Soundtrack: Chico Hamilton Quintet / Repulsion 

As the opening credits roll, a woman’s eye fills the screen. A stark tympani begins to pound away aimlessly accompanied by a vague distant electric drone. As the camera slowly zooms out the percussion gives way to a melody played on solo flute. The mood is hard to nail down – is it… reflective? Plaintive? Resigned? Just depressing? 

And now with her face in full frame you are looking at the owner of the eye, a woman whose face bears an expression devoid of emotion, reflection, feeling. It is like looking at the face of a beautiful young woman on a gurney at the county morgue before anyone has thought to close those eyes. 

So begins Roman Polanski’s Repulsion, starring Catherine Deneuve with music rendered by Chico Hamilton Quintet. The engagement of Hamilton and his west coast cool jazz combo for this urban gothic horror film resulted in some sublime filmmaking alchemy. 

Polanski’s first choice to score this film was his friend and frequent collaborator Krzysztof Komeda, but when production began Komeda had difficulties in getting a UK visa (not uncommon in then-communist Poland), so Polanski had to look around London for a replacement. He pitched the idea to Chico Hamilton who, on tour and finding himself and his quintet at loose ends, took on the assignment.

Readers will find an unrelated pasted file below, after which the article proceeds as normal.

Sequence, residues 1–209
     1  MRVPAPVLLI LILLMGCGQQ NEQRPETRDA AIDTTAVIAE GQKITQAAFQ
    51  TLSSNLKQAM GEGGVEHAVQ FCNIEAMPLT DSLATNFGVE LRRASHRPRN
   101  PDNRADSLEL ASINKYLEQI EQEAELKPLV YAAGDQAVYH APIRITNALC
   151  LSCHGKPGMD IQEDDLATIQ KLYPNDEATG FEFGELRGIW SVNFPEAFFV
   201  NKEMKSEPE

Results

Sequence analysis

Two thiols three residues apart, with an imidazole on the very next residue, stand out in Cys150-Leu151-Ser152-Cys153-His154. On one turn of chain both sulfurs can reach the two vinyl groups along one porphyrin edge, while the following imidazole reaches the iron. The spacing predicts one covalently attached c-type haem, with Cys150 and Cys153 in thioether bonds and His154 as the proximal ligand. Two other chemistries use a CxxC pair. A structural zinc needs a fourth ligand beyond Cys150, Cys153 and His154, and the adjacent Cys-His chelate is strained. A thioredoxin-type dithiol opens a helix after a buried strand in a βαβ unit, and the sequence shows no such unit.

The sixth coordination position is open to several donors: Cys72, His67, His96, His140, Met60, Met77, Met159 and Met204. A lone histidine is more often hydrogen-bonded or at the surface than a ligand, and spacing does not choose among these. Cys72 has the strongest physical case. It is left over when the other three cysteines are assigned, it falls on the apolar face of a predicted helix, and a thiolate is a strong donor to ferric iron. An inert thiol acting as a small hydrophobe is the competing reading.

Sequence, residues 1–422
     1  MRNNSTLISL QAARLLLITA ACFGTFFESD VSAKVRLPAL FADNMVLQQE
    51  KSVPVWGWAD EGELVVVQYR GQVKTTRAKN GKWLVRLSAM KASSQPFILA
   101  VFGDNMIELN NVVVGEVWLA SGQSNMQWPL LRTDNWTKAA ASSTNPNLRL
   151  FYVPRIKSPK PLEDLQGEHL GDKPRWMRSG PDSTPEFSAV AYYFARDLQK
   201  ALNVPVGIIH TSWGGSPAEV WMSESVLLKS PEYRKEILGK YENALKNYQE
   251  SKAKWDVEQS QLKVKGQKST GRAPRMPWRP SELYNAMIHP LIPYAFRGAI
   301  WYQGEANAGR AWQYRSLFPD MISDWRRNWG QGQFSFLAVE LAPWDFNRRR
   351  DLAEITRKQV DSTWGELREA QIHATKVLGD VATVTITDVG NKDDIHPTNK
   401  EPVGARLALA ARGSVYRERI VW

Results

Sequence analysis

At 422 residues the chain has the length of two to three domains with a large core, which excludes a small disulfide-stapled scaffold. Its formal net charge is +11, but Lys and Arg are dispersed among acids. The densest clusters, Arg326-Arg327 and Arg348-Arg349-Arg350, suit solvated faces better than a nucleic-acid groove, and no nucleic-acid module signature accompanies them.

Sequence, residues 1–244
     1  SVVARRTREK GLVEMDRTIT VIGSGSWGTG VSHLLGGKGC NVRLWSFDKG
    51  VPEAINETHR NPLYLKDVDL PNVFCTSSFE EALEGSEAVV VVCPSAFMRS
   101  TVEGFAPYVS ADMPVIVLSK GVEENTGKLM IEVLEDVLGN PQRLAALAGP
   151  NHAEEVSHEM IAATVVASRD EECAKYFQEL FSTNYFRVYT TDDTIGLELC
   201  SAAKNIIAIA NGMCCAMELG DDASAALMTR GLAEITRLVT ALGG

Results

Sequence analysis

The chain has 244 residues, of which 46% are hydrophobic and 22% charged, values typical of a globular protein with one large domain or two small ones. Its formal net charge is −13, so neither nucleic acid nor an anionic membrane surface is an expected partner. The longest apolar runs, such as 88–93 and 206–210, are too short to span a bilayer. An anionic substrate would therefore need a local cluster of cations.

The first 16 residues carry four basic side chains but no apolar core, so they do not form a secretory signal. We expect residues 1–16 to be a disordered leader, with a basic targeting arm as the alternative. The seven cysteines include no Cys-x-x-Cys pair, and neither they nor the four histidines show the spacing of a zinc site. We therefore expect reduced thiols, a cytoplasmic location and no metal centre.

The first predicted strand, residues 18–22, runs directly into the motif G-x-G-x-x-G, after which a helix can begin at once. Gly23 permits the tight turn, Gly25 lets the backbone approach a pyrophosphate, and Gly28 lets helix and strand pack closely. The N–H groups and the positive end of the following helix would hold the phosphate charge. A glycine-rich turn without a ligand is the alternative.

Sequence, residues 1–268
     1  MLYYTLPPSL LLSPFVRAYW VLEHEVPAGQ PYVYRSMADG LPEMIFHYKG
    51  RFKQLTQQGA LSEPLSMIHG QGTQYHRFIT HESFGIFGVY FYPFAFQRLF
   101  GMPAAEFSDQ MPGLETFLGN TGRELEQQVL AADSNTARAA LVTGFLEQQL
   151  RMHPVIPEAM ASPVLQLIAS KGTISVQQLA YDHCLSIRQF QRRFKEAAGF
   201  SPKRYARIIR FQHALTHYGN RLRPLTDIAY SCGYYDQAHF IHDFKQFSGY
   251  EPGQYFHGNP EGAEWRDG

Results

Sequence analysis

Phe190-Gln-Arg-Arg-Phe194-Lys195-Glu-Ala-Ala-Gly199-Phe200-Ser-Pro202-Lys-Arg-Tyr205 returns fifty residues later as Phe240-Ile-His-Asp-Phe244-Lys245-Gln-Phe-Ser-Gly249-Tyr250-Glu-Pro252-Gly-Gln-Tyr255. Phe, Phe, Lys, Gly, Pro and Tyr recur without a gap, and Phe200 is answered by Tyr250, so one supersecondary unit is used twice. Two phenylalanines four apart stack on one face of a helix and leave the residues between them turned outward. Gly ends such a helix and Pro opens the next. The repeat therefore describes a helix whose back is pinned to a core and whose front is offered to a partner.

Interestingly, while Polanski didn’t get his favorite composer, with the Hamilton Quintet he did get another unique talent on the rise, coincidentally one also from behind the former iron curtain: Gábor Szabó, the quintet’s guitarist, who had lived as an expat in the USA after escaping Hungary during the 1956 uprising. Szabó’s esthetic is all over the vibe of this record; it sounds to very much a collaboration between the compositional imagination of Hamilton combined with touches of odd ethereal grace from Szabó

The music the quintet tracked for Repulsion seems loose, perhaps banged out in a series of studio jam sessions from ideas sketched in a hotel room the previous evening. The exception is a fairly standard jazz track called Carol’s Walk which seems fairly thought out and was possibly repurposed from something in or planned for the group’s repertoire. 

For a film like this spontaneity seems necessary – you don’t “compose” a cue that appears at 2:26 here, depicting the woman in advanced stage of schizophrenic madness with Hamilton going out of his mind at the kit while a terrorized voice seems to be suffocating through a head bandage made of wax paper. 

Finally, check the guitar chording on Repulsion Nocturne at 1:16. What a departure to write with this kind of quiet (yet unsettling) sensitivity for a film that must have been summed up to the musicians as a ‘horror film’! If Carol’s Walk is all Chico, this brief but unforgettable cue sounds like classic Gabor

Unfortunately the music for this film is not compiled as a group with any integrity, so there is no definitive soundtrack. Would have been nice if there was a CAM Music Encyclopedia edition but that was never a very likely proposition with old low budget films of this type so it’s only really experienced in the watching of the film in its entirety. Which might be gut-wrenching but not the worst hour and 45 mins you’ve ever spent.